Inside the Twickenham villa of JMW Turner, artist and architect
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The new polymer £20 note, released this Thursday, will feature the artist JMW Turner — the first UK banknote to have been designed with input from the general public. There were nearly 30,000 proposals for 590 eligible luminaries, whittled down to a shortlist from which Mark Carney, Bank of England governor, opted for Turner.
Alongside the artist’s self-portrait, which shows him at 24 with a markedly direct, assured gaze, the note features his “The Fighting Temeraire”, voted Britain’s greatest painting in a 2005 BBC poll. Evidently, Turner is “still influential today”, says Sarah John, the Bank of England’s chief cashier.
While many appreciate the artist’s talent, few realise that he trained as an architect — working for James Wyatt among other Georgian figures — and even designed his own country house.
Turner’s House in Twickenham — part of London now but at the time a rural outpost — opened to the public two years ago, following a £2.4m award-winning restoration. Its future is secure. But less than a decade ago, the house was in danger of being lost forever.
The modestly proportioned villa, named Sandycombe Lodge, is playful and elegant. Numerous details suggest the influence of Turner’s great friend, the architect John Soane, such as the graceful stair with curved banister, lit by a stained-glass lantern light, and the rounded sweep of the dining-room walls, repainted in the Regency hue of “fawn” following analysis by the paint historian Helen Hughes.
“Everything you see in the house, there is good reason for it,” says Catherine Parry-Wingfield, art historian and former chair of the Turner House Trust. The hand-blocked floral wallpaper that now lines Turner’s bedroom wall was based on a scrap found in the attic that dated back to the artist’s time there.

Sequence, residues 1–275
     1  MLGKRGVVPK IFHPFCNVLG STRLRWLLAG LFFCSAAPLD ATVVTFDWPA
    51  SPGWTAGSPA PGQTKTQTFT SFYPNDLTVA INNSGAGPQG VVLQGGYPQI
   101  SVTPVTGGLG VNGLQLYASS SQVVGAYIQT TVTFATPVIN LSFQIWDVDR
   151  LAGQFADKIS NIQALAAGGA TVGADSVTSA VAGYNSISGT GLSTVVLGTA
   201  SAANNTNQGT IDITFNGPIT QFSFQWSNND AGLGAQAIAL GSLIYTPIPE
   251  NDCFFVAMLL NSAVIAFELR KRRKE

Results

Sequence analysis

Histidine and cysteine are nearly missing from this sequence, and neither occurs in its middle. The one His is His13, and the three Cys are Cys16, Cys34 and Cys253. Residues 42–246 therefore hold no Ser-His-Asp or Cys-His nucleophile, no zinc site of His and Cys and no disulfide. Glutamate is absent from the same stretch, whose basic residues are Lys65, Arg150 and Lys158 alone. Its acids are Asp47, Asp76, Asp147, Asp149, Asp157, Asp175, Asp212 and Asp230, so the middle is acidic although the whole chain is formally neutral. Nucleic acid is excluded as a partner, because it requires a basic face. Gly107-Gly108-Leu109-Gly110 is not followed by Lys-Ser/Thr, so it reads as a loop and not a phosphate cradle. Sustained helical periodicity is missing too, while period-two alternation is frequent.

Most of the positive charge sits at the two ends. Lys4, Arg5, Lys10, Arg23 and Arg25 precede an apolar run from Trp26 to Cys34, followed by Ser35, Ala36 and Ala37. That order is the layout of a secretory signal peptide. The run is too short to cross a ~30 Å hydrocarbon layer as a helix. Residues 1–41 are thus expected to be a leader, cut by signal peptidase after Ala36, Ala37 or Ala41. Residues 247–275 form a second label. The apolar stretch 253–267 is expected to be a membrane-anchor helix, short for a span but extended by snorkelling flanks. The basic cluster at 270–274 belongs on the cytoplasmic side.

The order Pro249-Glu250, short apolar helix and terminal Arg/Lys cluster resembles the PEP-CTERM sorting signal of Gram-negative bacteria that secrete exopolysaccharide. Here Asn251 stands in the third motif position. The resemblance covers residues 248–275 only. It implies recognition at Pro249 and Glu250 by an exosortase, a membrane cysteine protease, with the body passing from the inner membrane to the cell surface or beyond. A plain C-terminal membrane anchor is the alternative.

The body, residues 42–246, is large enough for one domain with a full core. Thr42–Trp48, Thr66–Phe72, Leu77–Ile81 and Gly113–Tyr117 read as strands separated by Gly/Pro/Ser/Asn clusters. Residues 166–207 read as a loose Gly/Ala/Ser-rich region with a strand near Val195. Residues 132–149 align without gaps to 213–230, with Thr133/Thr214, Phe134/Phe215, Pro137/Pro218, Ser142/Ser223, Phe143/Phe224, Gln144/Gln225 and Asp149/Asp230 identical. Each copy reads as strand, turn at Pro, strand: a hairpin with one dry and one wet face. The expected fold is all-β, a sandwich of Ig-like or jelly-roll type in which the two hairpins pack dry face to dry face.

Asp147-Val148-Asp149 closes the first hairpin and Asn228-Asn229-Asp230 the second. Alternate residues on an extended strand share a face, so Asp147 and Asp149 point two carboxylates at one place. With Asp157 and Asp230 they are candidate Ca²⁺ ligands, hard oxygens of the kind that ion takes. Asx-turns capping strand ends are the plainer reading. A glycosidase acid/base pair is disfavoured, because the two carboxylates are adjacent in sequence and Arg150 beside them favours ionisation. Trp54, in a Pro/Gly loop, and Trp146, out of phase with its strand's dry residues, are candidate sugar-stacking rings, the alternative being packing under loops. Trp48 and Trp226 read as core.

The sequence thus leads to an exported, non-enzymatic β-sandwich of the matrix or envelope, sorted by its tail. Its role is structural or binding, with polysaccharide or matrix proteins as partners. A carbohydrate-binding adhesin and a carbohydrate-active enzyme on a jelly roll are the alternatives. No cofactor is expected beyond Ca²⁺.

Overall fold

The soiled remnant is now displayed in a vitrine, testament to the chance discovery and to the talent of Robert Weston of Hamilton Weston Wallpapers, who used this barely legible fragment as a basis from which to recreate the original pattern.
The other, more modest bedroom, which was Turner’s father’s — although house director Ricky Pound tells me he suspects “old Dad” in fact slept downstairs by the kitchen range — is currently host to five of Turner’s “oil sketches” of the Thames.
These riverscapes are from a set of the only oils that Turner made en plein air, and painted on mahogany repurposed from old furniture as opposed to his more usual canvas. On loan from the Tate for a few months, they are the first of Turner’s paintings to be displayed in his former home.
“He was definitely scoping out the territory,” says Parry-Wingfield of these oils, painted while Turner was living a little further along the river at Isleworth. Proximity to the river was key to his choice of location for his own country retreat — it was “a source of really deep thinking for Turner,” she says.
The Thames and Richmond Hill beyond it used to be visible from the artist’s bedroom window, though they have long since disappeared behind encroaching suburbs, encouraged by the development of the railways — which would, of course, come to be a future subject of Turner’s paintings.
Turner’s bucolic view from the window is recreated when peering through a telescope on display. It’s typical of the subtlety of the house’s storytelling: instead of burdening the walls with displays about Turner’s life, interventions are hidden — in a telescope, in a clock.
The passing shadow of the artist’s father, projected against a kitchen wall, is accompanied by an audio recording about his trips to town and back on a local market gardener’s wagon in return for a glass of gin.